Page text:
In 100% of these instances, the end product or service will cost more. Any time a government or business moves away from the lower-cost global options and moves the service back home, they are by definition paying more, and 100% of these costs will pass through to the consumer, becoming another force for inflation.
In short, the Fed can try to lower demand by raising rates, but they have zero control over supply chain issues and deglobalization, both of which impact the supply and the cost of the supply.
Are you still with me?6
So, to recap, so far we have a normal stock market correction, but more of a blood bath in speculative parts of the market. The markets are concerned the Fed may overdo it with rate hikes and tip us over into a recession. Some indicators, like housing stocks and the inverted yield curve, seem to suggest that may happen. But — and this is big but7 — it’s important to note there is a reason the Fed is raising rates aggressively. The unemployment rate is the lowest it’s ever been. There are now two job openings for every unemployed person (you read that right), there is a shortage of 3.8 million homes needed to meet current demand, people and businesses are still drowning in excess cash, and corporate earnings are very strong. How often has a recession happened with a mix of factors similar to these? Well, never.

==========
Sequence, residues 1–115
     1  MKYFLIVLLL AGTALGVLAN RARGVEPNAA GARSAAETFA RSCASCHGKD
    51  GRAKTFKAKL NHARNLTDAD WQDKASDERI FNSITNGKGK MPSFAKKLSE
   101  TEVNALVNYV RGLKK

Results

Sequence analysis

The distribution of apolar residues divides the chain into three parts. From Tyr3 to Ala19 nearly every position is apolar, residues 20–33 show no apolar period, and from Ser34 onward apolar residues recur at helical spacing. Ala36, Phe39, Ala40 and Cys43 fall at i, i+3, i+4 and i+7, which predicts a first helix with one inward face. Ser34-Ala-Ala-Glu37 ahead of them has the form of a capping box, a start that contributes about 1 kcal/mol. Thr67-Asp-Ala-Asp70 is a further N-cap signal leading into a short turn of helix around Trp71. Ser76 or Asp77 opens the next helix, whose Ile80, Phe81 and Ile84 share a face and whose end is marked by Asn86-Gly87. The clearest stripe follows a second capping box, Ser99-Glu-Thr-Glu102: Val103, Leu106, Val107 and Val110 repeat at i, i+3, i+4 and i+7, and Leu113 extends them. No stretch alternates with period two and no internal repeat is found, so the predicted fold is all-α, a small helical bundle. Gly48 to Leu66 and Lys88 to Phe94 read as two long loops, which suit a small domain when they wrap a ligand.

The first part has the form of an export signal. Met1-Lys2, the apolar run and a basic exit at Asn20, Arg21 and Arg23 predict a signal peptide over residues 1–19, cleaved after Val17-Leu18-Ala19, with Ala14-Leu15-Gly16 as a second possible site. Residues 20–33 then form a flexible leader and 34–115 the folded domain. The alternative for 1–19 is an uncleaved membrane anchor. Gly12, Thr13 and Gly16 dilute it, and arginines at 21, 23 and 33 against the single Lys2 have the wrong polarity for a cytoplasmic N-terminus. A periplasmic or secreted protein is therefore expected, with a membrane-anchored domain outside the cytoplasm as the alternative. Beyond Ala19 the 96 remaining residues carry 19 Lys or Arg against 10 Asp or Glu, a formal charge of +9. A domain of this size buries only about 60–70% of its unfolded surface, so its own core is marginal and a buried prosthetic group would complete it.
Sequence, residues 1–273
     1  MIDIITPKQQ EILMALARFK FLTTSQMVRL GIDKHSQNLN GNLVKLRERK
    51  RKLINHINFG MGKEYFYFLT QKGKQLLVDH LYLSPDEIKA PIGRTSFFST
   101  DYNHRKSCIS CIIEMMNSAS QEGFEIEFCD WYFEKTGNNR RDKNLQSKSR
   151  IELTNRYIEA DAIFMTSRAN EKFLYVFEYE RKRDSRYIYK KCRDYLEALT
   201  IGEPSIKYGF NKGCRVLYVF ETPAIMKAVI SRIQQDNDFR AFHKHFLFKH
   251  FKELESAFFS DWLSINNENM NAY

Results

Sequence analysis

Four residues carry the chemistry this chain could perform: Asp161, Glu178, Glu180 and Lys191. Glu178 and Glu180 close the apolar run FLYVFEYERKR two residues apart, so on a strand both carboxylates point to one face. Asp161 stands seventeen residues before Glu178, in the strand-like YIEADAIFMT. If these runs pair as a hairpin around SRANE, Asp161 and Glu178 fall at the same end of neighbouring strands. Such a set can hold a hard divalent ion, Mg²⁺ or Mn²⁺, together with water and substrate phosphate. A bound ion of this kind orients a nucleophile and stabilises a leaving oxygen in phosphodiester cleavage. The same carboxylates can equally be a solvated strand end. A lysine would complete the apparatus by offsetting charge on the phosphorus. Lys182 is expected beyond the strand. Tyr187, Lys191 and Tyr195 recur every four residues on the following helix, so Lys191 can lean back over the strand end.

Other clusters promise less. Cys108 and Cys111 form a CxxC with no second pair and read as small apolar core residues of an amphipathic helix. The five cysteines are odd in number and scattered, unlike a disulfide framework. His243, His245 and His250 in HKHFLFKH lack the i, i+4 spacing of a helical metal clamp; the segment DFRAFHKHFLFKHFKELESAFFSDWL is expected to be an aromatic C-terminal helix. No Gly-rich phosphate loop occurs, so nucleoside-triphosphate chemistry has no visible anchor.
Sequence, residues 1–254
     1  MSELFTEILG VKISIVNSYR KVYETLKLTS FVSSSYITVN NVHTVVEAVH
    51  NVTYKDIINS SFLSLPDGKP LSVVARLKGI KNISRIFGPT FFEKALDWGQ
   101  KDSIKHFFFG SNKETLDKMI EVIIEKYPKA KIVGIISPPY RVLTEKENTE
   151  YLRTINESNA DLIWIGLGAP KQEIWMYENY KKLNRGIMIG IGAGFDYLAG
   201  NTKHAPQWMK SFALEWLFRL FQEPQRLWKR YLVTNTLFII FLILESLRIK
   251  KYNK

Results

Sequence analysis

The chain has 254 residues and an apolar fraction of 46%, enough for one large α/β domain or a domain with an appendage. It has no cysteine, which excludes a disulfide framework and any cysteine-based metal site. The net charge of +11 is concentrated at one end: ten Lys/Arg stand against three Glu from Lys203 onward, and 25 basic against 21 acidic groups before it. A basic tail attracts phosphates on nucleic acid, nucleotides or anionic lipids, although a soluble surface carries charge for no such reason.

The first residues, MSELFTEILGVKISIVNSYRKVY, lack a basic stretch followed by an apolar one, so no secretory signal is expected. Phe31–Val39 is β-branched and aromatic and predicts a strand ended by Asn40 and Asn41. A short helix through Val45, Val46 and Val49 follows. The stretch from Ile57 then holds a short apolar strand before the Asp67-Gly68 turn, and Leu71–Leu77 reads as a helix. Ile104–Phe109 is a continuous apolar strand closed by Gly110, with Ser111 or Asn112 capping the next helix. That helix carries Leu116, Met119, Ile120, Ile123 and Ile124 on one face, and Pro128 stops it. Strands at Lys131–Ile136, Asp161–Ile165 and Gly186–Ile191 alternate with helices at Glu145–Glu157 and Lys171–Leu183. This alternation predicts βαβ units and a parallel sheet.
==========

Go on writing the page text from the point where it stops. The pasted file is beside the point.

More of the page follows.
What are the various scenarios that can unfold?
- The Fed succeeds with its soft landing. Inflation slows, corporations continue to make money, unemployment stays well under 5% and we all live happily ever after.8 Under this scenario, stocks, real estate and private investments tend to perform best.
- The Fed doesn’t do enough and inflation stays strong for several years. Under this scenario, again, stocks, real estate and private investments are expected to perform best.